“The Solomon Islands population depends so much on agriculture for their livelihood and particularly those living in the rural area,” said the Minister of Agriculture and Tourism, Honourable Bartholomew Parapolo in his opening remarks. “Tourism also has huge potential in the country to enhance rural participation in economic activities."
The two day workshop considered the status of agriculture and tourism in the country, and looked at the priority areas where agriculture and tourism sectors could deliver mutual benefits, notably in terms of local sourcing, value addition, product diversification, and the culinary industry. Speakers from government, the private sector, and experts in agriculture, tourism and trade made contributions highlighting the key factors needed to drive stronger linkages between the sectors.
More funding for agriculture and tourism
Increasing budgetary allocation in favour of agriculture and tourism should be a priority, argued the Permanent Secretary for the Ministry of Agriculture and Livestock, Jimi Saelea. “Agriculture has relatively less than 2% of the national budget, whilst tourism has less than 1% of the national budget,” he pointed out. “It is about time that we need to support these two sectors.”
Notwithstanding the small funding it receives, tourism in the Solomon Islands is growing at a healthy rate. In 2016, there were over 22,000 visitors to the Solomon Islands, who contributed $233 million in revenues, and visitor number are expected to rise by 9% for 2017. For Saelea, it is important that the agritourism policy is inclusive, and delivers gains for rural communities and farmers.
Big demand for professional chefs
An area of particular interest for the workshop was the role of chefs in linking agriculture and tourism through cuisine. Chef Colin Chung, renowned across the Pacific for his skills and advocacy for local sourcing, spoke about the opportunities for food tourism in the Solomon Islands and highlighted successes in Fiji and across the region. In addition to supporting the diversification of the tourism offering of the country, culinary tourism can also stimulate demand for local foods and products from farmers.
One big challenge that the Solomon Islands will have to address is the capacity gap in the food service industry, as the country currently has just a few professional Chefs. Speaking to the Workshop, Freda Unisi of the Solomon Islands Visitors Bureau (SIVB) lamented that “tourists want a taste of our local organic foods in their short visits, but with our lack of professional chefs, there’s no local set menu’s to be marketed to our visitors''. She hoped that the Agritourism Policy would take this into account.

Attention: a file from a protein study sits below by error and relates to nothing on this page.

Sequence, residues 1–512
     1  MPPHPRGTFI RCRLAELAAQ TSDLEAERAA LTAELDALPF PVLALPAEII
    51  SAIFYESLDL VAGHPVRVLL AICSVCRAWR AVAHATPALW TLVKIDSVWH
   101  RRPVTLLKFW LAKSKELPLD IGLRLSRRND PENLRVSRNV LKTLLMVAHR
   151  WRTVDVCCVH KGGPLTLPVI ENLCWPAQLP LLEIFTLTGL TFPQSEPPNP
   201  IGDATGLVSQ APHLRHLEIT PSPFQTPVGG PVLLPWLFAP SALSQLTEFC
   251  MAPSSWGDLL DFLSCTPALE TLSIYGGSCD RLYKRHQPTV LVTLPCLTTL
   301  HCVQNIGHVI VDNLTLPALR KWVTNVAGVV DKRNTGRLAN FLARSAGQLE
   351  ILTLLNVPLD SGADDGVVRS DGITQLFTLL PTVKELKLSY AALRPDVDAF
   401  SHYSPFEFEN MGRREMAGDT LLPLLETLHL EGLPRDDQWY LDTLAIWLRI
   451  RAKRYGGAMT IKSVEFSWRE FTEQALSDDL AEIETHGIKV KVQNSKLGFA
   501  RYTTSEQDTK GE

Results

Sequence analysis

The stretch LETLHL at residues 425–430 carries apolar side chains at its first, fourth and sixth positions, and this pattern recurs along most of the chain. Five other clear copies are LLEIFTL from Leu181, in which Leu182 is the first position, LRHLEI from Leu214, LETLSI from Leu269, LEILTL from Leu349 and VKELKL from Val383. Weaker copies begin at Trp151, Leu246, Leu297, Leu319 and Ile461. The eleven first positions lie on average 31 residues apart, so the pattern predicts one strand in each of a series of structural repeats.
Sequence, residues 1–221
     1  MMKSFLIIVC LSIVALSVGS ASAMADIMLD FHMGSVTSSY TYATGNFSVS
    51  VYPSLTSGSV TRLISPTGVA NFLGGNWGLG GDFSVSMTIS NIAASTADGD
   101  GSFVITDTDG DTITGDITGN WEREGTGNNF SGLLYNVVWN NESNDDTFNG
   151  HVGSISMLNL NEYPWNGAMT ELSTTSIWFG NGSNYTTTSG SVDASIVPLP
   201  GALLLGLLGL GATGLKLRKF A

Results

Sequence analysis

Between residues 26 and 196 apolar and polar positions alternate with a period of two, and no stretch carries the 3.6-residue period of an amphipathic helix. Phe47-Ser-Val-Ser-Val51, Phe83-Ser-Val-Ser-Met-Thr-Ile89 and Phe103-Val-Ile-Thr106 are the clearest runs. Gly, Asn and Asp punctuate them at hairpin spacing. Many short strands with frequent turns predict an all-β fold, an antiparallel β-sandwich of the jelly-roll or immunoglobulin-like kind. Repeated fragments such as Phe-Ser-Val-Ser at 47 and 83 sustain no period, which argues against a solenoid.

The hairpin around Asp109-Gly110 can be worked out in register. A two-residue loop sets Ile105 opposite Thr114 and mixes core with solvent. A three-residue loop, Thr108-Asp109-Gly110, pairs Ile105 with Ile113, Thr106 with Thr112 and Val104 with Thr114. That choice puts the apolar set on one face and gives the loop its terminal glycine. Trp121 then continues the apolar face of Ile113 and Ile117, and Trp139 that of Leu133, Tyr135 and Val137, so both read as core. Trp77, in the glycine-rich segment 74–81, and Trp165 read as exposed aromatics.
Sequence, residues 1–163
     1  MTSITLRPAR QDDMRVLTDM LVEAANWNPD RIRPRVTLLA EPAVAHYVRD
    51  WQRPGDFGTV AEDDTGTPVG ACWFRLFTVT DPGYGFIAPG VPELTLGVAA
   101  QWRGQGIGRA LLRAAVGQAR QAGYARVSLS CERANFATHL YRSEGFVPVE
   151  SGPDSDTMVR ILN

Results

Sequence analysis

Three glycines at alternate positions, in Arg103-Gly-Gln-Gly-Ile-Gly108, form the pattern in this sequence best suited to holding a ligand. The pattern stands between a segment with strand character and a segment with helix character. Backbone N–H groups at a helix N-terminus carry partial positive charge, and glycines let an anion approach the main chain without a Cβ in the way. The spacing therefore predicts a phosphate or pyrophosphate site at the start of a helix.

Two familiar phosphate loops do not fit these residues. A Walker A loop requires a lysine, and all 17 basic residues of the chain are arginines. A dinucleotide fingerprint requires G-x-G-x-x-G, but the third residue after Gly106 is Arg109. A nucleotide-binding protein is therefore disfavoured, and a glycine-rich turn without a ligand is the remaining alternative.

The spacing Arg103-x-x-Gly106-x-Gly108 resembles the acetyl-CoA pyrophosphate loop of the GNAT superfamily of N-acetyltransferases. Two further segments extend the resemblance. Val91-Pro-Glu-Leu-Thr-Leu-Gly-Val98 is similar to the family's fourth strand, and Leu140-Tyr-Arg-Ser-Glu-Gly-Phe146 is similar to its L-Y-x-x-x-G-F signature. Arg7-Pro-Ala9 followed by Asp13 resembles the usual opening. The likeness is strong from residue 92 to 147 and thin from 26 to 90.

CTA, SPTO and PIPSO are supporting capacity development of chefs across the region and promoting the exchange of experiences and best practices through their Chefs for Development platform. “We believe that professional chefs can be great promoters of local food and cuisine, and also work with farmers to improve the quality of food needed by hotels and restaurants,” says Isolina Boto, Manager at CTA and coordinator of the agritourism project.
Setting the course for agritourism development in the Pacific
Solomon Islands is the third South Pacific Island to organise an Agritourism Policy Setting Workshop, following the successful format developed first in Vanuatu in October 2016 and then advanced by Samoa in November 2016. The region achieved an important milestone last month, when Pacific Ministers of Agriculture and Tourism endorsed recommendations for the development of agritourism throughout the region. Another eagerly anticipated agritourism exchange workshop is expected to take place in Fiji in December, and discussions are underway for similar events in other Pacific islands.
“The countries in the Pacific are seeing the benefits of connecting and linking these two important industries with a multi-sectoral approach to ensure the participation of all players in the industries which is quite innovative in the Pacific,” says Mereia Volavola, agribusiness expert and former CEO of PIPSO.
CTA continues to mobilise key partnerships supporting innovations in agricultural development through its partnerships in the Pacific and Caribbean and fostering of intra-regional knowledge sharing and experience capitalisation, from which the agritourism policy development agenda has emerged.